• Michéli, Erika (Magyar Agrár- és Élettudományi Egyetem, Környezettudományi Intézet, Gödöllő)
  • Németh, Tamás (Agrártudományi Kutatóközpont, Talajtani Intézet, Budapest)
  • Pásztor, László (Agrártudományi Kutatóközpont, Talajtani Intézet, Budapest)
  • Ragályi, Péter (Agrártudományi Kutatóközpont, Talajtani Intézet, Budapest)
  • Rajkai, Kálmán (Agrártudományi Kutatóközpont, Talajtani Intézet, Budapest)
  • Rékási, Márk (Agrártudományi Kutatóközpont, Talajtani Intézet, Budapest)
  • Schmidt, Rezső (Széchenyi István Egyetem, Mezőgazdaság- és Élelmiszertudományi Kar, Mosonmagyaróvár)
  • Tamás, János (Debreceni Egyetem, Mezőgazdaság-, Élelmiszertudományi és Környezetgazdálkodási Kar, Debrecen)
  • Tóth, Gergely (Agrártudományi Kutatóközpont, Talajtani Intézet, Budapest)
  • Tóth, Tibor (Agrártudományi Kutatóközpont, Talajtani Intézet, Budapest)
  • Tóth, Zoltán (Magyar Agrár- és Élettudományi Egyetem, Georgikon Campus, Keszthely)

 

International Editorial Board

  • Blum, Winfried E. H. (Institute for Soil Research, University of Natural Resources and Life Sciences (BOKU), Wien, Austria)
  • Hofman, Georges (Department of Soil Management, Ghent University, Gent, Belgium)
  • Horn, Rainer (Institute of Plant Nutrition and Soil Science, Christian Albrechts University, Kiel, Germany)
  • Inubushi, Kazuyuki (Graduate School of Horticulture, Chiba University, Japan)
  • Kätterer, Thomas (Swedish University of Agricultural Sciences (SLU), Sweden)
  • Lichner, Ljubomir (Institute of Hydrology, Slovak Academy of Sciences, Bratislava, Slovak Republic)
  • Loch, Jakab (Faculty of Agricultural and Food Sciences and Environmental Management, University of Debrecen, Debrecen, Hungary)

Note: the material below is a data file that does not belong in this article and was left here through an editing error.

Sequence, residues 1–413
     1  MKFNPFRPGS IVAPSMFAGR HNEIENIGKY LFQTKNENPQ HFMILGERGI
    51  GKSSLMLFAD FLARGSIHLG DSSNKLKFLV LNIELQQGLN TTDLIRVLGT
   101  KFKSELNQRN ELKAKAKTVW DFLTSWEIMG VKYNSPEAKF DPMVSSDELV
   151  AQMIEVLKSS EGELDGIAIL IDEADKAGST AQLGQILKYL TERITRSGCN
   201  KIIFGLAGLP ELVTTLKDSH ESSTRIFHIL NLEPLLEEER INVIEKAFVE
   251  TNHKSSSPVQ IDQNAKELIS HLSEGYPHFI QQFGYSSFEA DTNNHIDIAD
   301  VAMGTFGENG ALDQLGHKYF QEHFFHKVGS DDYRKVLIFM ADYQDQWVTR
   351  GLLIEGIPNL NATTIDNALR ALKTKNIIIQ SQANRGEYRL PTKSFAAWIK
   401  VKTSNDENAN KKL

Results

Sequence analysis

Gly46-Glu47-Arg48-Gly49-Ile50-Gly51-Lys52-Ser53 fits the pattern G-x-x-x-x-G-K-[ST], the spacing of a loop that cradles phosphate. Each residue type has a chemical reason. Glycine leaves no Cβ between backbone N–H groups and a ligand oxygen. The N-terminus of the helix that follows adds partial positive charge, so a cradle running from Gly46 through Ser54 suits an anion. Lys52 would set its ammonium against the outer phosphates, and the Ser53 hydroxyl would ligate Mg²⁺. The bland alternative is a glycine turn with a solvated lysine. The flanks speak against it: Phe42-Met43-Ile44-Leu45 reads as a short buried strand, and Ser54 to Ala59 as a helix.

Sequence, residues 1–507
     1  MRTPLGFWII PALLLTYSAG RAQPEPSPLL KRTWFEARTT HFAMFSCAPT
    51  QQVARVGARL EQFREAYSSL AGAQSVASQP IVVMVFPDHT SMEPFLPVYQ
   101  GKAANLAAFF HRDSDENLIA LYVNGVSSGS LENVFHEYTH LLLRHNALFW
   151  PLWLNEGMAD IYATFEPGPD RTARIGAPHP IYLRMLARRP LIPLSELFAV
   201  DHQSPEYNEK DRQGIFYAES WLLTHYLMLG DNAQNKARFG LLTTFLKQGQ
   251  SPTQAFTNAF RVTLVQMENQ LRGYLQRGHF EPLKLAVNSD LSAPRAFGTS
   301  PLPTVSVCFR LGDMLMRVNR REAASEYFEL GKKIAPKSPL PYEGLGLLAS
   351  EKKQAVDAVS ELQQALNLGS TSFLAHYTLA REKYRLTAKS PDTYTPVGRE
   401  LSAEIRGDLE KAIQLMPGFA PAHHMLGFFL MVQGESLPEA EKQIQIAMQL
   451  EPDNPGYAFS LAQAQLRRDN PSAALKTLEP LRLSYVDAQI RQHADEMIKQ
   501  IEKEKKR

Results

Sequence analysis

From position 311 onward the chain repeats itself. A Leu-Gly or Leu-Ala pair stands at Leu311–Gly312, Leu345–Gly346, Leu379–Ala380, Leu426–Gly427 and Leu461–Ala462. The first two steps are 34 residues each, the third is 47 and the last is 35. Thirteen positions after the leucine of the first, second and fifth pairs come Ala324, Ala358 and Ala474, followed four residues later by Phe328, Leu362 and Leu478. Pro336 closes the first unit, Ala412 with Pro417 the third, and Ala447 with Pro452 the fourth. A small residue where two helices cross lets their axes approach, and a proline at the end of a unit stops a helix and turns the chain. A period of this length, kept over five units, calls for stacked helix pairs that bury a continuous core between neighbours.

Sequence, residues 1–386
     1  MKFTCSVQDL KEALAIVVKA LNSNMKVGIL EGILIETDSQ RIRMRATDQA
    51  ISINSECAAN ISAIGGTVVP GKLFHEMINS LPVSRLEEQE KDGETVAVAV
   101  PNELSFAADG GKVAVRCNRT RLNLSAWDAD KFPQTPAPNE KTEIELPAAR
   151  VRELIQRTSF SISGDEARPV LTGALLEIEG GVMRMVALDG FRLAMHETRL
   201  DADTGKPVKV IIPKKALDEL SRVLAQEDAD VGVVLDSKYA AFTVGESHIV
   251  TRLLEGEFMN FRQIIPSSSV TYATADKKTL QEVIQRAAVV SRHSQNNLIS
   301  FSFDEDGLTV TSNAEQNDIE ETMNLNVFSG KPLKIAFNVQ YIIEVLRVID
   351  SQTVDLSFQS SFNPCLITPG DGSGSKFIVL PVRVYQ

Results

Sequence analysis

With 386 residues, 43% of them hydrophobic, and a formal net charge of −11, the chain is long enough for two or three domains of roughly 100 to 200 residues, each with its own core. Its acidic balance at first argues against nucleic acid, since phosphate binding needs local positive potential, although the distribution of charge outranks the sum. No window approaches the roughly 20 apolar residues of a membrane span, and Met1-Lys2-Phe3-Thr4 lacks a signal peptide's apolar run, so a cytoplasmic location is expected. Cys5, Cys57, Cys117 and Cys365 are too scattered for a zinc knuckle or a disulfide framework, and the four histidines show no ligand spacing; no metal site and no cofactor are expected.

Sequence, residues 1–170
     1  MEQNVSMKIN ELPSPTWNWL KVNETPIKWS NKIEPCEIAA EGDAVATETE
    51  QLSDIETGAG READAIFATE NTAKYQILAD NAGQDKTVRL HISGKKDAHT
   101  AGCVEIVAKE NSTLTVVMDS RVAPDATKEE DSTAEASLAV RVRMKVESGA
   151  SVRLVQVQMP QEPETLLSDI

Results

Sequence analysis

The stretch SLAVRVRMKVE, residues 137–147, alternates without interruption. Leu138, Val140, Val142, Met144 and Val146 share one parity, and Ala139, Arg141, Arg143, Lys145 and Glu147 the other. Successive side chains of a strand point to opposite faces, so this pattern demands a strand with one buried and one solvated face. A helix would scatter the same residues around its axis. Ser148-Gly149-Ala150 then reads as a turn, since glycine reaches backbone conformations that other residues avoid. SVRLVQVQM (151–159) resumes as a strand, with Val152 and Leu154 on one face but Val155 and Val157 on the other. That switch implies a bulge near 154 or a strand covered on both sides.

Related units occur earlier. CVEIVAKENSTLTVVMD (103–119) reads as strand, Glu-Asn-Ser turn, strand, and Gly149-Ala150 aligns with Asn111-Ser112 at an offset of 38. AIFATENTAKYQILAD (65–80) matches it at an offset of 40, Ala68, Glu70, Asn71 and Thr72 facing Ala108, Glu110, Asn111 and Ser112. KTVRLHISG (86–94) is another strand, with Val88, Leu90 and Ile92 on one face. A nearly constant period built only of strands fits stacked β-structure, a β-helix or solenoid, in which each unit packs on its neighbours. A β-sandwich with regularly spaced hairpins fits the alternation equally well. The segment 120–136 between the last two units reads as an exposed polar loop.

• Nemes, Attila (Norwegian Institute of Bioeconomy Research, Ås, Norway)
  • Pachepsky, Yakov (Environmental Microbial and Food Safety Lab USDA, Beltsville, MD, USA)
  • Simota, Catalin Cristian (The Academy of Agricultural and Forestry Sciences, Bucharest, Romania)
  • Stolte, Jannes (Norwegian Institute of Bioeconomy Research, Ås, Norway)
  • Wendroth, Ole (Department of Plant and Soil Sciences, College of Agriculture, Food and Environment, University of Kentucky, USA)

         

Szili-Kovács, Tibor
ATK Talajtani Intézet
Herman Ottó út 15., H-1022 Budapest, Hungary
Phone: (+36 1) 212 2265
Fax: (+36 1) 485 5217
E-mail: editorial.agrokemia@atk.hu

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2021  
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Scimago  
Scimago
H-index
10
Scimago
Journal Rank
0,138
Scimago Quartile Score Agronomy and Crop Science (Q4)
Soil Science (Q4)
Scopus  
Scopus
Cite Score
0,8
Scopus
CIte Score Rank
Agronomy and Crop Science 290/370 (Q4)
Soil Science 118/145 (Q4)
Scopus
SNIP
0,077

2020  
Scimago
H-index
9
Scimago
Journal Rank
0,179
Scimago
Quartile Score
Agronomy and Crop Science Q4
Soil Science Q4
Scopus
Cite Score
48/73=0,7
Scopus
Cite Score Rank
Agronomy and Crop Science 278/347 (Q4)
Soil Science 108/135 (Q4)
Scopus
SNIP
0,18
Scopus
Cites
48
Scopus
Documents
6
Days from submission to acceptance 130
Days from acceptance to publication 152
Acceptance
Rate
65%

 

2019  
Scimago
H-index
9
Scimago
Journal Rank
0,204
Scimago
Quartile Score
Agronomy and Crop Science Q4
Soil Science Q4
Scopus
Cite Score
49/88=0,6
Scopus
Cite Score Rank
Agronomy and Crop Science 276/334 (Q4)
Soil Science 104/126 (Q4)
Scopus
SNIP
0,423
Scopus
Cites
96
Scopus
Documents
27
Acceptance
Rate
91%

 

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Agrokémia és Talajtan
Language Hungarian, English
Size B5
Year of
Foundation
1951
Volumes
per Year
1
Issues
per Year
2
Founder Magyar Tudományos Akadémia  
Founder's
Address
H-1051 Budapest, Hungary, Széchenyi István tér 9.
Publisher Akadémiai Kiadó
Publisher's
Address
H-1117 Budapest, Hungary 1516 Budapest, PO Box 245.
Responsible
Publisher
Chief Executive Officer, Akadémiai Kiadó
ISSN 0002-1873 (Print)
ISSN 1588-2713 (Online)